Review of the Security Council by Member States


Recent resolutions of the United Nations Security Council, notably those resulting in the freezing of assets of individuals and organisations suspected of involvement in international terrorism, have had far-reaching consequences for member states and individuals. In addition, they might conflict with international human rights standards that are binding on the Security Council itself. In light of the limited possibility for reviewing the legality of these resolutions on the international level, individuals have recently begun to challenge their implementation on the national and regional level. This emerging practice raises the question whether states and regional organisations such as the EU can engage in such review and, if so, to what extent.
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Editor(s):
Erika De Wet, André Nollkaemper
boek | verschenen | 1e editie
oktober 2003 | xvi + 160 blz.

Paperback
€ 34,-


ISBN 9789050953078

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FLAPTEKST

Recent resolutions of the United Nations Security Council, notably those resulting in the freezing of assets of individuals and organisations suspected of involvement in international terrorism, have had far-reaching consequences for member states and individuals. In addition, they might conflict with international human rights standards that are binding on the Security Council itself. In light of the limited possibility for reviewing the legality of these resolutions on the international level, individuals have recently begun to challenge their implementation on the national and regional level. This emerging practice raises the question whether states and regional organisations such as the EU can engage in such review and, if so, to what extent.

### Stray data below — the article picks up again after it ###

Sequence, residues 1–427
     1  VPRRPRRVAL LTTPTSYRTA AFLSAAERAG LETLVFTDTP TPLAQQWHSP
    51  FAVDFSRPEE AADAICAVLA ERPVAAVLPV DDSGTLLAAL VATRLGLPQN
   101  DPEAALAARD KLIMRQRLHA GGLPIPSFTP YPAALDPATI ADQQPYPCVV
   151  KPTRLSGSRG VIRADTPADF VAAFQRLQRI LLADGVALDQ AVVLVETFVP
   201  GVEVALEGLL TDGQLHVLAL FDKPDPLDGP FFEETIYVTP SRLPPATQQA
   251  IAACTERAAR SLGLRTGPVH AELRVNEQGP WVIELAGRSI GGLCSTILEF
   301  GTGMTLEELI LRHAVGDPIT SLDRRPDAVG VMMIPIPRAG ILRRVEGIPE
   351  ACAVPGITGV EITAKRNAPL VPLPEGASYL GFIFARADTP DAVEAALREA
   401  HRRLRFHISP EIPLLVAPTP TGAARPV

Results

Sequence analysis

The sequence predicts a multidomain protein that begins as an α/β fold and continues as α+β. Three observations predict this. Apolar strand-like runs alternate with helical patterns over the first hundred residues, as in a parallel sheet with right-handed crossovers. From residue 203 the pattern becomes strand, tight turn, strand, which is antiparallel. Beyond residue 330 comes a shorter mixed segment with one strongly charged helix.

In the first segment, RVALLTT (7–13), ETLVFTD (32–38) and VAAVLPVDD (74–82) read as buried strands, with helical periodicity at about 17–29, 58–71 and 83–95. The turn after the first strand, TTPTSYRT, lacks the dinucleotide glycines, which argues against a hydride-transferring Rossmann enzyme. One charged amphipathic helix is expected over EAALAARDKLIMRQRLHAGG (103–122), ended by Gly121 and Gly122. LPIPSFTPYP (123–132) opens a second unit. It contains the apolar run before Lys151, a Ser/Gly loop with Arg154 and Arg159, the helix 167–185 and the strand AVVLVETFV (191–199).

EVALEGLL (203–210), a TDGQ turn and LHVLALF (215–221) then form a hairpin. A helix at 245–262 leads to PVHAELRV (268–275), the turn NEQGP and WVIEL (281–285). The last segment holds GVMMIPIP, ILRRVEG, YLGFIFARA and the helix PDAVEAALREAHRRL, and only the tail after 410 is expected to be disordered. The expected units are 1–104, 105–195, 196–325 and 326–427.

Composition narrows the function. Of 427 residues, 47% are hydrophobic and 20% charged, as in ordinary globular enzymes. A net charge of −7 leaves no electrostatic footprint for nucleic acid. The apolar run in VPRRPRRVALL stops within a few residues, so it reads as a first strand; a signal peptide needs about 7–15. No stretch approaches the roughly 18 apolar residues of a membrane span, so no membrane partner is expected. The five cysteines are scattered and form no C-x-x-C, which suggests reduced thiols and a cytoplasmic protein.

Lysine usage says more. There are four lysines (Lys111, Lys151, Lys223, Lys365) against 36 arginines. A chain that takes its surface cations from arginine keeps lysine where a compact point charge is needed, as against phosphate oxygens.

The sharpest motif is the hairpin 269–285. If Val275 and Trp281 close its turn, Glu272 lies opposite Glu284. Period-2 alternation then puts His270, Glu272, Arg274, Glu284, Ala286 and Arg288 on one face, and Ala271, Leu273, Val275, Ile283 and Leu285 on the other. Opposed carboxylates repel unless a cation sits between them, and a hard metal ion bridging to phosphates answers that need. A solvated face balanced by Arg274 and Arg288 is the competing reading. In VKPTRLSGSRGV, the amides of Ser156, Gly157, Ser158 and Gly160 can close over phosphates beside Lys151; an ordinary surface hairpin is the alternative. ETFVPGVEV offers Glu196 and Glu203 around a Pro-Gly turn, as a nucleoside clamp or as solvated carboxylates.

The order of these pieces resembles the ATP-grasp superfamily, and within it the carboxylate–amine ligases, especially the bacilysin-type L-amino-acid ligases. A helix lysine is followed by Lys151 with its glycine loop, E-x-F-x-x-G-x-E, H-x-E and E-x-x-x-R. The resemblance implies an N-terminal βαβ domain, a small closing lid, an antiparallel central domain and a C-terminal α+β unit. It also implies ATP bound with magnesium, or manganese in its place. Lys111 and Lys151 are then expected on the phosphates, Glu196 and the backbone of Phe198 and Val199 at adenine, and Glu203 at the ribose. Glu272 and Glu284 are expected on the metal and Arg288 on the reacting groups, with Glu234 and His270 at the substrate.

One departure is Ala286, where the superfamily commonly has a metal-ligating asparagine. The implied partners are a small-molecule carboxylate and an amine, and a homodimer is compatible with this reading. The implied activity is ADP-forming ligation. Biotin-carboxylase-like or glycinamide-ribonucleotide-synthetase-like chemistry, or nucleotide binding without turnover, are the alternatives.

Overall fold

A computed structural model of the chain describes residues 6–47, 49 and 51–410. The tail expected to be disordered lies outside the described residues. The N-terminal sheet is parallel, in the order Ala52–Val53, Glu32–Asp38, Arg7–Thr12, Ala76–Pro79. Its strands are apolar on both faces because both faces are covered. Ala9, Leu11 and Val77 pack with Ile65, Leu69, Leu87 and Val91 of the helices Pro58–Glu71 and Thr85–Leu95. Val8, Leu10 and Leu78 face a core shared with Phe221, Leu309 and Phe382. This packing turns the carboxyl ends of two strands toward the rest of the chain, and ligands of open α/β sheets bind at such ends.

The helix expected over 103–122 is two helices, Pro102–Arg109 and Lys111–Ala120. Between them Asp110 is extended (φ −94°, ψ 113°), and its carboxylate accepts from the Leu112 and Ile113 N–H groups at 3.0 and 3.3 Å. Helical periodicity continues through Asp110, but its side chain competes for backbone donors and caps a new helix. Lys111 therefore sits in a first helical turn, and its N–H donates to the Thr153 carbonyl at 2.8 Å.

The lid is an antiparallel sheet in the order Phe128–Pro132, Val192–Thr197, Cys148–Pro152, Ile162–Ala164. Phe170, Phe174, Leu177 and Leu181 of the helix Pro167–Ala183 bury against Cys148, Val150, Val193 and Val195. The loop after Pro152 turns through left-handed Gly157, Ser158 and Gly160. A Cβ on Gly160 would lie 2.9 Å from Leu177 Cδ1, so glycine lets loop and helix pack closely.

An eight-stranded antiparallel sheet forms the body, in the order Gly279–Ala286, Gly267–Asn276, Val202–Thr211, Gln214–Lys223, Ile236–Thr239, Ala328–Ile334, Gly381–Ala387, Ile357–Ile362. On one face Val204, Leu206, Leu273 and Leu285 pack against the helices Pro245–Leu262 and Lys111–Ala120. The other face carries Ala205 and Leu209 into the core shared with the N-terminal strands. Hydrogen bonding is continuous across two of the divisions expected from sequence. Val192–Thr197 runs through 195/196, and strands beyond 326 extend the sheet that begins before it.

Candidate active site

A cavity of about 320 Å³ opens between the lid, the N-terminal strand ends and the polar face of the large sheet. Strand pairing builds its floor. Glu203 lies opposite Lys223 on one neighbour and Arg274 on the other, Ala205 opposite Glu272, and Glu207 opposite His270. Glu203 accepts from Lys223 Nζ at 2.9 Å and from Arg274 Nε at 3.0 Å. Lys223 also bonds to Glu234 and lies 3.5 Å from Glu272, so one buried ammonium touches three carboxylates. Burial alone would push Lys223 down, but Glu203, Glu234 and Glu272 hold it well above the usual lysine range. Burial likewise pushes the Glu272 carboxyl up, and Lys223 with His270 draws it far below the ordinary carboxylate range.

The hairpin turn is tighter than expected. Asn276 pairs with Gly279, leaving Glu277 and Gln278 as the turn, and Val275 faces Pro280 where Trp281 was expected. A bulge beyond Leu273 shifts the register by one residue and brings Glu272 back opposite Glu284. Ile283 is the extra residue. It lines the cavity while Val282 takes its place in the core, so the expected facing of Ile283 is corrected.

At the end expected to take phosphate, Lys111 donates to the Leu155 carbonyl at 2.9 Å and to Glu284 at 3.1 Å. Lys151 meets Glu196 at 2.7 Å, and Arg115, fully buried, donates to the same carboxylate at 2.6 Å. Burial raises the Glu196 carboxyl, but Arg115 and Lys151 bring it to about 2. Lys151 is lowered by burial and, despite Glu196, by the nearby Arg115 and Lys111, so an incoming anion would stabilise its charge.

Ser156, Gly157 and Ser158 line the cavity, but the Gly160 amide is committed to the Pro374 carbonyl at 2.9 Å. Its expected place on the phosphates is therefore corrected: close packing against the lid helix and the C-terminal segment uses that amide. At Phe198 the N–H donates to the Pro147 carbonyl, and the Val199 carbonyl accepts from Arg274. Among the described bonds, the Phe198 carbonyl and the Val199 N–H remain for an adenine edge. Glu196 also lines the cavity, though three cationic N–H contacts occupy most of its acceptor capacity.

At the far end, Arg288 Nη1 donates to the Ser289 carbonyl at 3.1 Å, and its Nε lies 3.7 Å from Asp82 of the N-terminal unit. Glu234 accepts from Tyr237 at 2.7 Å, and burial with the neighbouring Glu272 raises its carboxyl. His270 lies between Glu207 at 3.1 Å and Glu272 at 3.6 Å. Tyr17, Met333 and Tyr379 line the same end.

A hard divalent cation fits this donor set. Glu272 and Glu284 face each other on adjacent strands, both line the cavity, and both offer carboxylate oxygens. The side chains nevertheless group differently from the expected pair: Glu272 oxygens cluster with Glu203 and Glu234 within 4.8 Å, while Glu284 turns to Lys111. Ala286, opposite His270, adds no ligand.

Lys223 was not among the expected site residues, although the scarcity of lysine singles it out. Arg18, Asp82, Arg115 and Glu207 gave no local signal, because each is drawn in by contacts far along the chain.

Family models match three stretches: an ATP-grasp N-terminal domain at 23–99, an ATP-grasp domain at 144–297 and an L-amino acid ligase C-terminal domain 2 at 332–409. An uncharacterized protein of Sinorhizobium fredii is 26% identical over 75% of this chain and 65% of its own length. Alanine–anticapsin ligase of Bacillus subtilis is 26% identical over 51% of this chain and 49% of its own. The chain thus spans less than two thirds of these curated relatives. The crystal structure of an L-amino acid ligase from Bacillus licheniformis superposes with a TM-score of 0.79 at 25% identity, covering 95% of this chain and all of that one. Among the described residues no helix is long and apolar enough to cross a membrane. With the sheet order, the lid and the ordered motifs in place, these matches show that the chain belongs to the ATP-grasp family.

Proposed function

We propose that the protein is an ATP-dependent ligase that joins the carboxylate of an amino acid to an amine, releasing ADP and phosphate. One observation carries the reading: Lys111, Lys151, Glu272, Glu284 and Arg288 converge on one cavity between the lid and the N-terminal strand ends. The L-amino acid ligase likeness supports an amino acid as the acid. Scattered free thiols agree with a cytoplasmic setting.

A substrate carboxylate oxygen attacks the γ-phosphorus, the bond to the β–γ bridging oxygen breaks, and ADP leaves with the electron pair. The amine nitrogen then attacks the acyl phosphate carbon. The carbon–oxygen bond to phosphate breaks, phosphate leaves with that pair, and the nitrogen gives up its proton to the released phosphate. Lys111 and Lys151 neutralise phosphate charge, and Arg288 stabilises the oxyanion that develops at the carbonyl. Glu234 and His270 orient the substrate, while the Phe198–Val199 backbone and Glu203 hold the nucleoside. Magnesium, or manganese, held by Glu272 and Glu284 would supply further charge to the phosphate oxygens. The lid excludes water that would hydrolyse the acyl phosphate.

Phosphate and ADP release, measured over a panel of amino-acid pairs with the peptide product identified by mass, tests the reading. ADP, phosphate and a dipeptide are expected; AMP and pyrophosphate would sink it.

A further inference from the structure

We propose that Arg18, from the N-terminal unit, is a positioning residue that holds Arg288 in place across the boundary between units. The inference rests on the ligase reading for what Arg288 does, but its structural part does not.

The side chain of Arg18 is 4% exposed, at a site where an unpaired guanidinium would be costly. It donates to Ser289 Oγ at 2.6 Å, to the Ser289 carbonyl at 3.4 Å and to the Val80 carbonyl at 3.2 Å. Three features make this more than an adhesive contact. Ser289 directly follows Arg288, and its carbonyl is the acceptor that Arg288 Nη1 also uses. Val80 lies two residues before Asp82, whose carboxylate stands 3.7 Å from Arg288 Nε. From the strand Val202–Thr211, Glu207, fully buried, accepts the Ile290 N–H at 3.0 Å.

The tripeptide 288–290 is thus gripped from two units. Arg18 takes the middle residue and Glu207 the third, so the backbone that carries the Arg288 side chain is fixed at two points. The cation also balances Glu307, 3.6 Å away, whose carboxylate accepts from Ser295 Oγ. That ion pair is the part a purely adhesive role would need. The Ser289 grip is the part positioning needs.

The book provides academics, practitioners and policy makers with a variety of legal insights into these questions. The first two chapters consider whether the Security Council is bound by human rights at all and, if so, whether the UN Charter grants member states any discretion to review binding Security Council decisions. The subsequent two chapters focus on the inter-action between the Security Council and the EU/EC. Whilst Chapter 3 concentrates on the implementation of Security Council sanctions by the EU/EC on behalf of member states, Chapter 4 examines the possible role of the ECJ in reviewing the Security Council. Chapters five and six provide general perspectives on the role that national governments and courts could play in reviewing Security Council resolutions. Chapters seven to nine are devoted to strategies followed by three different national jurisdictions that were confronted with cases that gave rise to the possibility of incidental review of Security Council resolutions. The tenth and final chapter outlines a “ten point plan” by means of which these complex issues could be approached in future.
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